Apparently, it is claimed that Mr Algernon Cargill, suspended NIB director, is listed as an officer of a company owned by his brother from whom NIB rented an apartment. However, records will show that as a result of a request by the auditors, the legal firm of Davis & Co on January 24 this year wrote to Grant Thornton’s managing partner Paul Gomez to inform him that their corporate records showed that Godwin A Cargill was the sole beneficial owner of the shares of Jes-El-Car Ltd – the company that rented the apartment – not Algernon Cargill.
Apparently, Grant Thornton also sought a legal opinion as to whether payment of executive salaries and bonuses without the knowledge of the Human Resources Committee, the board of directors and the minister, were in accordance with the rules and regulations of the NIB Act.
It was the view of Mr Thomas Evans, QC, that if certain salaries and bonuses were paid to executive management without the knowledge of the board of directors, members of the Human Resources sub-committee and without the approval of the minister, they would be void.
However, there are minutes that show that at each Board of Directors meeting, the chairman discussed the summaries of all Human Resources meetings, including the executive compensation. Apparently, the auditor’s report claims that there was no evidence that Rev Etienne Bowleg or Debbie Ferguson knew the details of the executive bonuses paid.
However, we have selected the minutes of one of several Human Resources Committee meetings which shows that these bonuses were discussed in detail.
For example, on Feb 28 last year – present Patrick Ward, Etienne Bowleg, and Debbie Ferguson – the chairman advised that he had received recommendations for salary increases for executives for 2012. He said he would “review the recommendations and finalise based on an average range of 2-4 per cent in overall adjustments and the individual performance of executives”.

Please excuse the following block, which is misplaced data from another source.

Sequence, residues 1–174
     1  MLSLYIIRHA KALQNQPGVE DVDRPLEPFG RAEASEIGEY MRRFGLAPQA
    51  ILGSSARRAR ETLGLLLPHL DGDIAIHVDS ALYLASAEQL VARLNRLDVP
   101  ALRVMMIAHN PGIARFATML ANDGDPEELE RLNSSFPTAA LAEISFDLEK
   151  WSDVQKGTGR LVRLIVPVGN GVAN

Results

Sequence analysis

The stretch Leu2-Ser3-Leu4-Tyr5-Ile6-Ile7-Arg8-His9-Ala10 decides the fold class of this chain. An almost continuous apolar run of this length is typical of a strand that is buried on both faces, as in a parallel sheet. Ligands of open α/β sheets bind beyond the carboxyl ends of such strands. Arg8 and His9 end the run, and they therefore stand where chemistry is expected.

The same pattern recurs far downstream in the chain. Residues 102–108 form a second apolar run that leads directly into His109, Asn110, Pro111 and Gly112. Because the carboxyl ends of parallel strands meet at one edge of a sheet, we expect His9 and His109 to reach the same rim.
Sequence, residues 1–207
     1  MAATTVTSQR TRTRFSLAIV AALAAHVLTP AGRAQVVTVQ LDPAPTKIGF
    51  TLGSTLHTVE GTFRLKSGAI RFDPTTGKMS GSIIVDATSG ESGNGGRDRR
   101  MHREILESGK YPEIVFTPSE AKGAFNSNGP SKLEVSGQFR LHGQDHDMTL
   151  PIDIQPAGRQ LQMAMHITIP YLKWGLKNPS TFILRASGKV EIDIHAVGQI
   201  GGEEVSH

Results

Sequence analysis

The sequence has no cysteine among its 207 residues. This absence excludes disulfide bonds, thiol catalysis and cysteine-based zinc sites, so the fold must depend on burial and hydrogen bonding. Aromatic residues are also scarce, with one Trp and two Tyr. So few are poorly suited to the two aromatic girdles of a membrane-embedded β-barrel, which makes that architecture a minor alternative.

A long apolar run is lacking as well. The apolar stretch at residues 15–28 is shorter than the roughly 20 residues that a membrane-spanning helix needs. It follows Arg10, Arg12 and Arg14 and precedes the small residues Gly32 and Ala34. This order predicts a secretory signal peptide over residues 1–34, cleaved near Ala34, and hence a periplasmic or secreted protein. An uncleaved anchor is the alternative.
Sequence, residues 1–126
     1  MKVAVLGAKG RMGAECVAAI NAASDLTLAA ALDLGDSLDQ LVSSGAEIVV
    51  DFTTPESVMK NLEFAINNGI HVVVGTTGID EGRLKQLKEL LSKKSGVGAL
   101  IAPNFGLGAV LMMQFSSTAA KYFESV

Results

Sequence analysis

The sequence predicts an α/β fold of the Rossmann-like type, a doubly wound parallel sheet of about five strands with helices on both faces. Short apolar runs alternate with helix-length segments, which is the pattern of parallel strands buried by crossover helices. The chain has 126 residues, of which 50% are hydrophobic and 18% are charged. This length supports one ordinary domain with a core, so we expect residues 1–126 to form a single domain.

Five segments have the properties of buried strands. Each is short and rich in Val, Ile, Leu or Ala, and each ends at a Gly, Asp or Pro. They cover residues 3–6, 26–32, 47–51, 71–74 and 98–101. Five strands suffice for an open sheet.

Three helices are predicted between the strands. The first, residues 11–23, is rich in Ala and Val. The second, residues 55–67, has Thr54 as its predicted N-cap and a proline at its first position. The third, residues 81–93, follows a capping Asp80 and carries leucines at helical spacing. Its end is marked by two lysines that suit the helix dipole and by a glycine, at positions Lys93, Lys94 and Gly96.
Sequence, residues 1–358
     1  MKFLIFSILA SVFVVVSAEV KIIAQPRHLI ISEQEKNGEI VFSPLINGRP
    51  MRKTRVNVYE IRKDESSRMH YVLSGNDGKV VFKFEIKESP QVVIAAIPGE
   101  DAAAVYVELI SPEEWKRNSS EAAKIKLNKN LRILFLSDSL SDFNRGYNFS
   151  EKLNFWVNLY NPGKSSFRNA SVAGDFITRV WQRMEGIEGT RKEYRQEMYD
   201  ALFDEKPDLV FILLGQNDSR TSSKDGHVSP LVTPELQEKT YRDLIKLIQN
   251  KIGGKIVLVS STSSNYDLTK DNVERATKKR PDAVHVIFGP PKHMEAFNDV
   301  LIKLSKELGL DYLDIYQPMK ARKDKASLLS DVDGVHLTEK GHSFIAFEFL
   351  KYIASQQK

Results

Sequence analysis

At another meeting on December 1, 2012 – present Patrick Ward, Etienne Bowleg, Debbie Ferguson — they discussed “the executive evaluations and advised that the review was completed for executives on the newly-installed Halogen System and was reviewed with the chairman. The director advised that although the team was performing satisfactorily, he wanted to continue to focus on leadership, dealing with change (or change management), taking responsibility and team building.
“The chairman confirmed that the review process will be finalised before year’s end.
“Executive compensation: The chairman advised that the committee agreed that the budgetary guidelines will be used for the awarding of salary, increases for 2012 and performance bonuses based on individual performance and the performance of the board and that he would negotiate these with management on behalf of the committee.”
And so the minutes of the regular committee meetings continued, each showing all members in place (except on one occasion when Debbie Ferguson was absent) when salaries and executives’ bonuses were discussed and all Human Resources committee members seemed to be awake, of sound mind and aware of all the decisions they were making about executive salaries.
At the end of the day, we shall soon know whether this is another smear campaign or whether all the rules were followed.
However, in Mr Cargill, government has certainly got more than it bargained for. One has to admire his feisty spirit — a spirit that is not afraid to fight injustice as he sees it.